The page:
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A Look Back At Black Panther Women Amid The Party’s 50th Anniversary

The Black Panther Party (BPP) turned 50 this year and it seemed that everywhere you looked there was a celebration, event, exhibit or new book. Founded in Oakland, California, in October 1966, the BPP formally existed for 16 years. The BPP’s founding document, “The 10 Point Platform and Program,” highlighted poor employment, education, housing, health care, rampant police violence and harassment, the desire to fix an unfair legal and military system and a general call for freedom, self-determination and peace. These were a few of the injustices that combined to make people see the Panthers as an answer to a society that after years of civil rights activism in the 1950s and 1960s, seemed to have so much further to go.

READ: Former Black Panther Party Chairwoman Says Black Lives Matter Has A “Plantation Mentality”

The people who flooded into the BPP came from local community colleges, high schools, and the streets. Most members did not join for the same reasons; some joined to take a stand against police brutality, segregation and inferior conditions, others joined because they wanted to make an impact on their local communities while many were merely attracted to their ideology and bold style.

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The Party was an organization of young men and women from all walks of life; there is no one image that captures them all. Yet, the majority of the images accompanying the 50th anniversary celebration have been decidedly male.

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However, the story of Black Panther women should not be forgotten. Women who joined the BPP were as young as 16 and as old as mid-30s. Their education ranged from high school to college. Women remain hidden because there is a historical, sexist backlash against focusing on women in black political movements. The feeling is, if we focus on women in the movement, we detract from the serious problems confronting black men in America. This is not the case at all. BPP women made great contributions to the organization and endured the same repression and oppressive tactics as the men did. Focusing on women’s experiences allow us to see a more complete picture of what it meant to be a Panther.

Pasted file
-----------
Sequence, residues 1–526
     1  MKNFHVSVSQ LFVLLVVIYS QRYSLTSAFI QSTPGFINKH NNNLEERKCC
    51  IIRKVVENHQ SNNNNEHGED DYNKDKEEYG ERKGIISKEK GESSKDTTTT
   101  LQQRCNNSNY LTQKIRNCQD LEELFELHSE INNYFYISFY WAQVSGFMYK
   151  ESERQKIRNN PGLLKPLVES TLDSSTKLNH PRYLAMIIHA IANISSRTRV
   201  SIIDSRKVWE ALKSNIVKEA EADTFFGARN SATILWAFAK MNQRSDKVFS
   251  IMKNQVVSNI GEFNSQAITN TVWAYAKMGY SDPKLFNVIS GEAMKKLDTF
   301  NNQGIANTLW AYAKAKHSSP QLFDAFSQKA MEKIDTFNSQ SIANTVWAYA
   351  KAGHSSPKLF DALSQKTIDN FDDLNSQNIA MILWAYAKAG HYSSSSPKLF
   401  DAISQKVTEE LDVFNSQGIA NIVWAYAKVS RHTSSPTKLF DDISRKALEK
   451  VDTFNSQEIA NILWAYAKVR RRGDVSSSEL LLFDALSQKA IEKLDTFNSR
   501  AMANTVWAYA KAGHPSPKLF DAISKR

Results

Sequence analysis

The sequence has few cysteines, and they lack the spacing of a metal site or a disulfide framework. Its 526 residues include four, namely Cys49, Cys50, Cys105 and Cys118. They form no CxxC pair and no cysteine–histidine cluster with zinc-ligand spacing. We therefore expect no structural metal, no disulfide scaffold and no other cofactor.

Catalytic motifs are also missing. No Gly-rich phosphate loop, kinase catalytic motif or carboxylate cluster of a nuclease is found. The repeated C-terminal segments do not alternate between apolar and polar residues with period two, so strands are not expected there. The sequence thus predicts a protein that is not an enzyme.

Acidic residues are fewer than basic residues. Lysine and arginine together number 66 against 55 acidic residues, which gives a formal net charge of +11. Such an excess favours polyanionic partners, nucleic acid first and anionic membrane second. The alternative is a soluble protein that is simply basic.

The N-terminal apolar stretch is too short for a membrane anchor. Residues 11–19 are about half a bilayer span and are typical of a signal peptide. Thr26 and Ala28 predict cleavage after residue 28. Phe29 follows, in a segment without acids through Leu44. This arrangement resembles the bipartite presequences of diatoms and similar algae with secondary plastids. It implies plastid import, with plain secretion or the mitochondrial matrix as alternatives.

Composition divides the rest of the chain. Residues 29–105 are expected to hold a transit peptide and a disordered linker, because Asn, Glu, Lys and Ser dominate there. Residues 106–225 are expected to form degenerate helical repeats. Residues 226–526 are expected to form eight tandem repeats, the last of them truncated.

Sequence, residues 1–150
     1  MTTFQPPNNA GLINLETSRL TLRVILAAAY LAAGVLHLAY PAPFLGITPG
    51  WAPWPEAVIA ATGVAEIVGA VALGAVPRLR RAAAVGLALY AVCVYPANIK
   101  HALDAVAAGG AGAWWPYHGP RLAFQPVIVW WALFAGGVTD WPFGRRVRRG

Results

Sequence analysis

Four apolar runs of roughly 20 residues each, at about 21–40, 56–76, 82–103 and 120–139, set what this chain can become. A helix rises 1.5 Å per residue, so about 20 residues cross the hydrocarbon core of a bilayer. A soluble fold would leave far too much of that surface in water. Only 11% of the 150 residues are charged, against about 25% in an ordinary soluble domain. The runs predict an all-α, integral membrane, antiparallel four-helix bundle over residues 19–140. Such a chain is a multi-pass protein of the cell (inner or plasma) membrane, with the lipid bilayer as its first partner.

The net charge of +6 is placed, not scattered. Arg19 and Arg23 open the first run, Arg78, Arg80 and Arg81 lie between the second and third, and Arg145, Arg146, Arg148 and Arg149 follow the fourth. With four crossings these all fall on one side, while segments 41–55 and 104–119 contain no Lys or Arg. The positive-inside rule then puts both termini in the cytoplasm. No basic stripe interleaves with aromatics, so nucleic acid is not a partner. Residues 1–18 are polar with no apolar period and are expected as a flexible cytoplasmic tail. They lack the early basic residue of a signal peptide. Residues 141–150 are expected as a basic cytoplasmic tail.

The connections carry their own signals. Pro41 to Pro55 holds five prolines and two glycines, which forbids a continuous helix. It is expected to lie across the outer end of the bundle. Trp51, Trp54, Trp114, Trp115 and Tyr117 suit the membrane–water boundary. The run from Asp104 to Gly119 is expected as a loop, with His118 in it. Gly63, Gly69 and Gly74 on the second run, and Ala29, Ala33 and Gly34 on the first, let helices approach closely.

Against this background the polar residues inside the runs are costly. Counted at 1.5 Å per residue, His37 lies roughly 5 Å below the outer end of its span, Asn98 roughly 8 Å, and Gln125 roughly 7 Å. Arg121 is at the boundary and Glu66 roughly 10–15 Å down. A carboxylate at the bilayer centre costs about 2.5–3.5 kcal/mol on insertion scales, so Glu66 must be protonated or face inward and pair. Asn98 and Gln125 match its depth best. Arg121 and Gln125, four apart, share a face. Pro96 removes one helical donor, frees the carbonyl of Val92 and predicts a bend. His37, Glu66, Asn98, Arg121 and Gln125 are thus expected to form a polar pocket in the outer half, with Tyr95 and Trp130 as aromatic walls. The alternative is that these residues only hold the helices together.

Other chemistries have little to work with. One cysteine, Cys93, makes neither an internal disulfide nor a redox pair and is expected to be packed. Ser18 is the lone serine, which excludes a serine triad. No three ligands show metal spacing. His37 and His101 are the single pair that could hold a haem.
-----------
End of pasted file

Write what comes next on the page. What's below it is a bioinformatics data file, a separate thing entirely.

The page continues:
Panther women were revolutionary doers and teachers, editing, writing and creating art for the BPP newspaper, teaching art in the classroom, designing fliers and banners for events and singing in the BPP’s Son of Man Temple choir. Panther women were also poets, spoken word artists, and singers, all while fighting alongside Panther men.

Who are these women who gave their all, including their artistic talents, to make a difference in their communities? How did their gifts and talents build the community and their organization? How does their art change the way we understand what the organization was about, how they fought and the society they envisioned?

READ: Introduction To The #Blackpanthersyllabus

Meet JOAN “TARIKA” LEWIS, aka Matilaba (Oakland, CA).

Joan “Tarika” Lewis was the first young woman to join the BPP at 16-years old, already an accomplished musician and Black Student Union member at Oakland Tech High School. Regarding her decision to join the Panthers, she explains, “I put down my violin and picked up a gun.” She was the first woman to serve as graphic artist for the BPP’s newspaper, creating images to highlight social ills and reflect the Black community practicing armed self-defense.

READ: Herstories: Writing Black Panther Women’s History

Meet ERICKA HUGGINS (Los Angeles, CA; New Haven, CT; Oakland, CA).

Panther Ericka Huggins was a dedicated BPP soldier for 12 years. She was a poet, writer, organizer, Party newspaper editor and the Director of the BPP’s Oakland Community School. She was imprisoned for two years for a crime she did not commit due to the FBI’s Counterintelligence Program (COINTELPRO) created specifically to destroy political organizations. Huggins’ poetry included references to resistance and freedom as well as expressions of solidarity. She wrote poetry honoring special occasions in fellow Party members’ lives and even homages to fallen Panthers. In her poem, “Fire and Rain,” (1972) Huggins expresses the ways in which we can internalize our own oppression and the power we have within ourselves to free our communities from mental slavery.

READ: Black Lives Matter: A Legacy Of Black Power Protest

CREDIT: M. Gayle (Asali) Dickson

Meet M. GAYLE (ASALI) DICKSON (Seattle, WA; Oakland, CA).